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Home > Family Law Guide > Modifying Child Custody and Child Support Orders

MODIFYING CHILD CUSTODY AND CHILD SUPPORT AND ORDERS

After the divorce is finalized, changed circumstances may support a modification of the custody or support order. To obtain a modification, the requesting party must show a substantial and continuing change of circumstances. The modification must again be determined to be in the best interest of the child. Courts have broad discretion in deciding whether a substantial and continuing change in circumstances has occurred such that the child custody order should be changed. Some relevant changes that may be considered by the court include: a change in residency by one parent, a change in the time the child spends with one parent, and a change in the child's academic, social, and/or physical development.

The child's preference for a change of residence or custody will not, by itself, constitute a sufficient cause for modification. Even if a child's feelings are very strong, the child's preference will be just one factor. If the child is older, the court will give more weight to the child's preference. The court may well question the child's motive or inquire as to whether inducements have been made by the proposed custodial or residential parent.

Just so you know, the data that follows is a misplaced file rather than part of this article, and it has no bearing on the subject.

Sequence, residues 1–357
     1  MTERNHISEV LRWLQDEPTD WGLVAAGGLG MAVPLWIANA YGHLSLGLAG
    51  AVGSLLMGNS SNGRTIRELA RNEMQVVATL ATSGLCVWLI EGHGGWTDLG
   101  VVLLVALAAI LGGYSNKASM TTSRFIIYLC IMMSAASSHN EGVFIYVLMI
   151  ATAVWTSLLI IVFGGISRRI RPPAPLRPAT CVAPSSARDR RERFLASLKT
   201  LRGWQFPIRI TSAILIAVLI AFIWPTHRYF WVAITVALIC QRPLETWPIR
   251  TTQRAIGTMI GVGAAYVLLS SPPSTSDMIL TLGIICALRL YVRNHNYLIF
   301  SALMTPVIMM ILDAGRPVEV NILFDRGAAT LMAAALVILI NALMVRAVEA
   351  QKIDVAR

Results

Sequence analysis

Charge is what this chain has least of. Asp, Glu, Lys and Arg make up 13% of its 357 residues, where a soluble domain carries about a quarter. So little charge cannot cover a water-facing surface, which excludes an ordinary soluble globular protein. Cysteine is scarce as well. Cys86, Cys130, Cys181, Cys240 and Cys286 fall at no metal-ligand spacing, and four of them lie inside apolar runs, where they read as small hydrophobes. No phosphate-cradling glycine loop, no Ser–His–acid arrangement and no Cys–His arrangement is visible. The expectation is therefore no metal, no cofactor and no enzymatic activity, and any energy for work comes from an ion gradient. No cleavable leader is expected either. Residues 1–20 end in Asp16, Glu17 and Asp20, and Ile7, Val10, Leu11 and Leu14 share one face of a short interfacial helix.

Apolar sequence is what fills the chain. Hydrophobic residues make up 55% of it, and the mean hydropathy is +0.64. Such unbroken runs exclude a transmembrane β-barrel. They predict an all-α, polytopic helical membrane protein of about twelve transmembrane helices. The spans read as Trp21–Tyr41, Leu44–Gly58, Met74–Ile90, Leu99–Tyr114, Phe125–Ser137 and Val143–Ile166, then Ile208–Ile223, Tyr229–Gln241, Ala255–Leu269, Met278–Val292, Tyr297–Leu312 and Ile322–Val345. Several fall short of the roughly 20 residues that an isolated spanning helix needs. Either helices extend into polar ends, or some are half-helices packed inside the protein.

As a recipient of child support, you may be considering asking for an increase due to an increase in your child's needs. As a party obligated to pay child support, you may be considering requesting a decrease in the amount you pay due to a change in circumstances regarding your job. With respect to modification of child support orders, a presumption exists that a change in the Form 14 child support calculation of 20% or more constitutes a substantial and continuing change. This is only a presumption and can be rebutted by other evidence.

If you are considering filing a motion to modify child support or custody, or if you have been served with a motion to modify, you should contact an experienced family law attorney.

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